Last year’s Floatopia was unquestionably out of control, ending with injured students and a filthy beach. The Isla Vista community acknowledged the excess that was Floatopia 2009 and took steps to correct it, organizing beach cleanups and an effective boycott of Floatopia 2. The county also took notice, instituting a reactionary beach alcohol ban in the hopes of quashing the holiday. But rather than use this year’s event to gauge the effectiveness of a well-enforced alcohol ban, the county has overstepped its bounds, announcing plans to deny I.V. residents access to the beach.
The county’s decision to blockade I.V. beach access points and patrol waters on Saturday is extreme — and borders on a violation of our rights.
Even worse than a one-day beach closure, the Sheriff’s Dept. has stated that it will consider blocking beach access beyond this weekend, as it deems necessary. This kind of heavy-handed, preemptive police presence sets a dangerous precedent — where is the limit?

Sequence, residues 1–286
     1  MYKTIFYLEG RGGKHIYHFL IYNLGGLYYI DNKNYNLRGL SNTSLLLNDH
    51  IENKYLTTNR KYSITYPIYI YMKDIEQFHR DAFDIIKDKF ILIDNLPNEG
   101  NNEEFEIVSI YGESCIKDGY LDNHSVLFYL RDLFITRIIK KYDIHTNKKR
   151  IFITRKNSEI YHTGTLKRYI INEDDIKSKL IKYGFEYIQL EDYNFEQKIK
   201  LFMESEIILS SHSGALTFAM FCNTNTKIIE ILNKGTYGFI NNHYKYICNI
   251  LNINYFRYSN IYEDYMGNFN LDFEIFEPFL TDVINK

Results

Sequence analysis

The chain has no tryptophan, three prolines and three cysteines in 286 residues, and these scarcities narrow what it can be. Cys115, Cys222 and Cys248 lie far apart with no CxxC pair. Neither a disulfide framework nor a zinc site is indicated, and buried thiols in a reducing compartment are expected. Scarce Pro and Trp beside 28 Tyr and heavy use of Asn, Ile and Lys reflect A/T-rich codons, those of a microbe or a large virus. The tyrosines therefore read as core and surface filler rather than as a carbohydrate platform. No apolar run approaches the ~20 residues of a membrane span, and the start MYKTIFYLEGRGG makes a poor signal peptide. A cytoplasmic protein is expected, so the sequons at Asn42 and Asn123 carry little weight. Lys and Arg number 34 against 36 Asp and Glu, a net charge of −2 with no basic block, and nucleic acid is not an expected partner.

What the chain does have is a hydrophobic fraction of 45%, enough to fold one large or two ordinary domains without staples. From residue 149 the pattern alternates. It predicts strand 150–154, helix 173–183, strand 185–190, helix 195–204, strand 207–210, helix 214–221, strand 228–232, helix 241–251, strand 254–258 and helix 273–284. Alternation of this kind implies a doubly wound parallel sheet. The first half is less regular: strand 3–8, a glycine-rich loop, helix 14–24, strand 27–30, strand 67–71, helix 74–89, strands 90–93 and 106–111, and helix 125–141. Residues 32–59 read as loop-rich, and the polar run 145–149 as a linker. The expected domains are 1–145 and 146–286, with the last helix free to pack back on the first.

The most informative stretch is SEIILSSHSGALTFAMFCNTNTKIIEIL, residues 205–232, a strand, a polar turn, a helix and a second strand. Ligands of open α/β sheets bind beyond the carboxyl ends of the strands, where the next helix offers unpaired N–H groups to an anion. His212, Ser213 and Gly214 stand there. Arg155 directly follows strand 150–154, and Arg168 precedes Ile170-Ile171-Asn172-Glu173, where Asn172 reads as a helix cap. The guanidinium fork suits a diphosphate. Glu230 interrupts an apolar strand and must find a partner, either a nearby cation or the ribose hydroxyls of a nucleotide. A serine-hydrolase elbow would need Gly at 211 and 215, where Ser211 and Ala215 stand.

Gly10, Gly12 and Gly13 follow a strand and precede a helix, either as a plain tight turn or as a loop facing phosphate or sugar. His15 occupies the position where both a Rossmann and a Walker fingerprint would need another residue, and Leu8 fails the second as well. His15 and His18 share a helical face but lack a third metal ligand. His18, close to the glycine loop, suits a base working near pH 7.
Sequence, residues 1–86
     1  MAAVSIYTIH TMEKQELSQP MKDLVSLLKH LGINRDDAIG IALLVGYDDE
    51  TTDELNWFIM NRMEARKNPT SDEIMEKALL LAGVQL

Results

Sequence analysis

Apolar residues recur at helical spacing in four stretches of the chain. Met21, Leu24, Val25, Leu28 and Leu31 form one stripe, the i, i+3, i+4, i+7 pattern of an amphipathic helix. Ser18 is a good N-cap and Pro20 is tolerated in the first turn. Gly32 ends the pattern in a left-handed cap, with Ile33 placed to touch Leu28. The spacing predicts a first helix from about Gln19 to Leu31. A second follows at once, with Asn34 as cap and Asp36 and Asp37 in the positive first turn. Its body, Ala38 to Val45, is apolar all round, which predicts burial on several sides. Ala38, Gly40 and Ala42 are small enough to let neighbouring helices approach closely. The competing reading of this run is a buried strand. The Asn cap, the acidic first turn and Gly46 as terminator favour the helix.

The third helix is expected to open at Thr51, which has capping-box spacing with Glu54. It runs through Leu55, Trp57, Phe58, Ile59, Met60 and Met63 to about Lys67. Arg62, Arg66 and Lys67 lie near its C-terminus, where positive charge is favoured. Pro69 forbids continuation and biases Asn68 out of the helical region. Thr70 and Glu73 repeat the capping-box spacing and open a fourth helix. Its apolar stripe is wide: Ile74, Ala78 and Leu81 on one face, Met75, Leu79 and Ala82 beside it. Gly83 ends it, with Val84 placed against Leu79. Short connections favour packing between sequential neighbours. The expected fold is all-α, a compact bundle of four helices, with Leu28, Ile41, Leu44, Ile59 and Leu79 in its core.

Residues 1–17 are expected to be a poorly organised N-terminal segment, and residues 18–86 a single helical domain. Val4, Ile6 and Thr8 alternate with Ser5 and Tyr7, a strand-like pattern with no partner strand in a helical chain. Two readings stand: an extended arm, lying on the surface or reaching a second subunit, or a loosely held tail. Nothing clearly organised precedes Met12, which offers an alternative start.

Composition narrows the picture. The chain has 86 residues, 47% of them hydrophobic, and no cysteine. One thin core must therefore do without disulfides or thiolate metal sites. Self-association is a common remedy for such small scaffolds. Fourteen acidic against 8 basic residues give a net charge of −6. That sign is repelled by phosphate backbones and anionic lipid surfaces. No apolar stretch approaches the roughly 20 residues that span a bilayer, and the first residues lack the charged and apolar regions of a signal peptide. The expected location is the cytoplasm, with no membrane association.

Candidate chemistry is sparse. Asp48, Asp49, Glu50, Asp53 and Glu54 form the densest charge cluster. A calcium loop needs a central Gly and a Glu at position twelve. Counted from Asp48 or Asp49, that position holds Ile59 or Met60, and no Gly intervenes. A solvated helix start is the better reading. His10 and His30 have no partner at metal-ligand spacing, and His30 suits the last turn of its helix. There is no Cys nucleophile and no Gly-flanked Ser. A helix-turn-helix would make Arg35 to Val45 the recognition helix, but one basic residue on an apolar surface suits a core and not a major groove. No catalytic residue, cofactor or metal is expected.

For a plan supposedly intended to promote safety, this blockade is shockingly short-sighted. Just as controlling a symptom does not cure the disease, blocking students from official beach access points will not stop them from drinking to excess if that’s what they want to do. Realistically, it won’t even keep them off the beach–determined drunks can slide down the cliffs, a far more dangerous alternative to the stairs.
If the county’s real goal here is to protect students and the environment, there is a better solution. Instead of wasting thousands of dollars maintaining barricades and patrolling the surf, officers could staff standard checkpoints. By acting in such a forceful manner, based only on hypothetical misconduct, the county and police department are violating the spirit (if not the letter, through a series of lucky loopholes) of California law that guarantees public beach access.
UCSB students are not a public nuisance — we are college-educated adults and vital members of the community. This beach blockade is an offensive, poorly thought-out mistake.